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LATIN AMERICA | 29-03-2024 10:57

Venezuela's huge diaspora struggles to register to vote for election

Complaints from Venezuelans who live overseas are mounting over hurdles at consulates abroad for those seeking to register in this year's elections.

Millions of Venezuelans who fled economic misery in their country could find themselves unable to vote in key July presidential elections, as complaints mount over hurdles at consulates abroad for those seeking to register. 

"We want to vote, we want to vote!" chanted a small group of Venezuelans protesting outside their consulate in Argentina's capital Buenos Aires in recent days, holding mock-ups of urns and ballot papers after being unable to sign up.

Election registration was meant to start on March 18 and will run for a month, before the July 28 vote in which President Nicolás Maduro is seeking a third term. But in some countries in Latin America and Europe, the process hasn't even started yet.

"Each consulate has its own demands which they communicate verbally, there is nothing official... no uniform criteria" to register, said Venezuelan Adriana Flores outside the consulate in Buenos Aires.

 

'Ridiculous' excuses

The United Nations estimates that almost eight million Venezuelans have fled their country since 2014 – the year after Maduro took office.

The past decade has seen a severe economic crisis marked by runaway inflation and food and medicine shortages, plunging the population into misery.

The Venezuelan civil rights NGO Sumate estimates that 5.2 million citizens abroad will have to register to vote for the first time or update their information from abroad.

The last time the electoral register was updated was for 2018 elections, when only 107,000 Venezuelans signed up from abroad.

In Colombia, which is home to 2.8 million Venezuelans, registration opened a week late, and no-one has yet been able to sign up, said opposition figure Eduardo Battistini, who lives in the country.

"The same thing is happening here that we are seeing in other countries.... the excuse is that the digital fingerprint machines that the national electoral council is supposed to send have not arrived," he said, denouncing "ridiculous" excuses.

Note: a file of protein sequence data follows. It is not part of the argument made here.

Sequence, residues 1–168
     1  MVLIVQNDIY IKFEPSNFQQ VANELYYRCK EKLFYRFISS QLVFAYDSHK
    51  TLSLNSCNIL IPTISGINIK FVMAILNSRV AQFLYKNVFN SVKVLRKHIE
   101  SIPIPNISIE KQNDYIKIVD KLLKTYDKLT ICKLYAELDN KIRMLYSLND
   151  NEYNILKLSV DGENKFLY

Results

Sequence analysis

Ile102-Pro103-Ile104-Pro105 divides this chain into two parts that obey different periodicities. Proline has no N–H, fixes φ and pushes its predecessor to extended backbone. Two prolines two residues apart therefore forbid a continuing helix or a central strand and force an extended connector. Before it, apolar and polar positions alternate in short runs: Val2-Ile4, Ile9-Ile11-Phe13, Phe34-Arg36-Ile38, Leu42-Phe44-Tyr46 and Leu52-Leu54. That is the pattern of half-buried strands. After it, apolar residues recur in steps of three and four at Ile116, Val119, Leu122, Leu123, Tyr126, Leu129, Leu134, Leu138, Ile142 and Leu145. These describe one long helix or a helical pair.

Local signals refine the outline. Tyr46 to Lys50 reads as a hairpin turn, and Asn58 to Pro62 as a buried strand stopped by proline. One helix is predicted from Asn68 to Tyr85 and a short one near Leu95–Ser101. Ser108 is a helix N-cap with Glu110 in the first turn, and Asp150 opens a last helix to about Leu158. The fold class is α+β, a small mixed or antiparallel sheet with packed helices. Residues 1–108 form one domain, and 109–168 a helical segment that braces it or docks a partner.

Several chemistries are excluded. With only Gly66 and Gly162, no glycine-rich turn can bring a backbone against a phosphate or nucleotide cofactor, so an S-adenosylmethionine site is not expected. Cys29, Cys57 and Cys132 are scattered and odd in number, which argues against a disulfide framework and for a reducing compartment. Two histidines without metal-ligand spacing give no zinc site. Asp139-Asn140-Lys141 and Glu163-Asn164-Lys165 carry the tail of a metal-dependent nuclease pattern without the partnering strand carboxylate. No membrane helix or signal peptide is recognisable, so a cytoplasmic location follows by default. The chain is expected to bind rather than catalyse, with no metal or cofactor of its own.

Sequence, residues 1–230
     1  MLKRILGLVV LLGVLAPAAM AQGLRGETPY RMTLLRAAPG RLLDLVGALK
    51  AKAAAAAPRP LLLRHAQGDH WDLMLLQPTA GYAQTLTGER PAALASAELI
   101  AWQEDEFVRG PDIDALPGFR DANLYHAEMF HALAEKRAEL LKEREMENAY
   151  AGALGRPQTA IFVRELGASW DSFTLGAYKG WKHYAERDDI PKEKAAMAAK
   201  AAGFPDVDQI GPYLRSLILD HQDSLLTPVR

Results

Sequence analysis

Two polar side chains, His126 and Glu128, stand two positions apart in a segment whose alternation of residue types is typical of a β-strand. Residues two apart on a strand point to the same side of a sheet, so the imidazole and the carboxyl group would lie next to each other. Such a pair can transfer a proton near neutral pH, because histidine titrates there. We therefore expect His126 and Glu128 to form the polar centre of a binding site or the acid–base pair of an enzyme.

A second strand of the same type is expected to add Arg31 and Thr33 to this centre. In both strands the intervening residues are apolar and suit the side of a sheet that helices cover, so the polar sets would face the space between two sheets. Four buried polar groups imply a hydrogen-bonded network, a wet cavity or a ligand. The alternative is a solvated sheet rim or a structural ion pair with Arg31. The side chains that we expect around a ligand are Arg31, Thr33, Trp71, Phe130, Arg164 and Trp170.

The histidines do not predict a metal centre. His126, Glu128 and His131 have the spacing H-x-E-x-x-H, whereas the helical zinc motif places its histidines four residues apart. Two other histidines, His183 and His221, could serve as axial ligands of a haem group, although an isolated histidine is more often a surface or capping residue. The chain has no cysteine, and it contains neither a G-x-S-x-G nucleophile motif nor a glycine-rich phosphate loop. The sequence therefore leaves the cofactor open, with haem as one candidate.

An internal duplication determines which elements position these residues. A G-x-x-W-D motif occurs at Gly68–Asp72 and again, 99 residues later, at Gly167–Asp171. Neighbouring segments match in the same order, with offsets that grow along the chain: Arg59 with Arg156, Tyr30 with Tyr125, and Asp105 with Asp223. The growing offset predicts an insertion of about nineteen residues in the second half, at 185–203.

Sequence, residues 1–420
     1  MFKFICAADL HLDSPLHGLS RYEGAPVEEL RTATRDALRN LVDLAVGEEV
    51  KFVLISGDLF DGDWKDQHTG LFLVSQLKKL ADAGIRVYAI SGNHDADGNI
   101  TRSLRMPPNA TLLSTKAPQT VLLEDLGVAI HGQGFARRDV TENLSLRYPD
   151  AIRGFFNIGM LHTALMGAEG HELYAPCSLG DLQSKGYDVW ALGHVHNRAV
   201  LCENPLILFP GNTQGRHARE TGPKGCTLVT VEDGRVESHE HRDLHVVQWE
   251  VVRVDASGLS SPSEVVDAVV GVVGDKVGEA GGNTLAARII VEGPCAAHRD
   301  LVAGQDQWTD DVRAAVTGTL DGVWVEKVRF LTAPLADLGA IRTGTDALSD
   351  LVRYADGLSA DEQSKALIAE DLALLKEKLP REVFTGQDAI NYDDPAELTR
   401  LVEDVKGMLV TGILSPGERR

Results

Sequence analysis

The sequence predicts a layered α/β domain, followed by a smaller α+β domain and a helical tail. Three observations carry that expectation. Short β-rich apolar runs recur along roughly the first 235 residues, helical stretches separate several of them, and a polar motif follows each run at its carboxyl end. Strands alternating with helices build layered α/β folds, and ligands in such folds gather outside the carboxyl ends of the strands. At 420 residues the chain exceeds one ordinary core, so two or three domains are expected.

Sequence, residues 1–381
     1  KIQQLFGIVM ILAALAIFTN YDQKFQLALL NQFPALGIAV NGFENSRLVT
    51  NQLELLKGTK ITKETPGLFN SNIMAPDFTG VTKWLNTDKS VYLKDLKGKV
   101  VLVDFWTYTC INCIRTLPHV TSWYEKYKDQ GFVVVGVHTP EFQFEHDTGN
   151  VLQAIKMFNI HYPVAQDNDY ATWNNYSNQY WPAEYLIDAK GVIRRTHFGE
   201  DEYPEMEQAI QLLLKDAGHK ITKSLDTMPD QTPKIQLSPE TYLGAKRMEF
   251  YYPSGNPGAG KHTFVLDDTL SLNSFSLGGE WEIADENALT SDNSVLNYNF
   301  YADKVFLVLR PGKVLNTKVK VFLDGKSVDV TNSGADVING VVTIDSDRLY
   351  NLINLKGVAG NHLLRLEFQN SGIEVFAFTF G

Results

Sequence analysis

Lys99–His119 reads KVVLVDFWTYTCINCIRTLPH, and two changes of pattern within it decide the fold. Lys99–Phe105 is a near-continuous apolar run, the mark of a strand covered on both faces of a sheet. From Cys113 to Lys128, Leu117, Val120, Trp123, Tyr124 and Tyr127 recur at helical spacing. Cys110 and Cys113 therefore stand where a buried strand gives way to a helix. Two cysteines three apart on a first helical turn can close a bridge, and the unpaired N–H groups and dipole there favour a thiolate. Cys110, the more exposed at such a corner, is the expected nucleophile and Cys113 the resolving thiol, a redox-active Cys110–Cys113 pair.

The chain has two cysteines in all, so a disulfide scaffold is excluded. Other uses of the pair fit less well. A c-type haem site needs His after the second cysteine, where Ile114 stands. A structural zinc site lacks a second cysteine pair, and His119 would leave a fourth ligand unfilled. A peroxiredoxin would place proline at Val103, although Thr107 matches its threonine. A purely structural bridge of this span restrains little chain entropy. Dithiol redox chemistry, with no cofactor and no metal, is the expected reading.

He said Venezuelan authorities did not consider the "temporary protection status" granted to its citizens by Colombia as an official proof of residence to allow them to register.

"That is causing a lot of worry," said Battistini, adding it would impact up to 90 percent of Venezuelans resident in the country.

 

'Systematic' hurdles

Venezuelan authorities say the delays in shipping the machines are due to international sanctions, according to local media in the country.

In Spain, home to half a million Venezuelans, registration also began a week late.

Lorena Lima, 28, said she went on a five-day hunger strike and camped outside the consulate in Madrid to "pressure" authorities to open registration.

Those living in the United States face a different problem: consulates have not operated since diplomatic ties broke down in 2019.

Jesús Delgado, director of the NGO Electoral Transparency which monitors votes in Latin America, said the hurdles faced by Venezuelans abroad were "systematic."

Maduro's government has blocked the main opposition leader from running, as well as a proxy candidate, forcing the grouping to register a third "provisional" contender.

Opposition to Maduro is widespread in the diaspora, and observers say any hindrances to registration will only benefit the leader, whose approval ratings hover below 20 percent.

But some have distanced themselves entirely.

"To tell the truth, I don't think I will vote. I am very disconnected from politics, I have felt so much disappointment for ten years that I no longer follow it," said Carolina Peña, a 37-year-old clothes designer in Bogotá, who said she last voted in 2013, when Maduro succeeded late leader Hugo Chávez.

Venezuelan authorities did not respond to AFP's requests for comment on the issue of voter registration.

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by Leila Macor, AFP (with bureaus in Caracas, Madrid, Bogotá, Quito)

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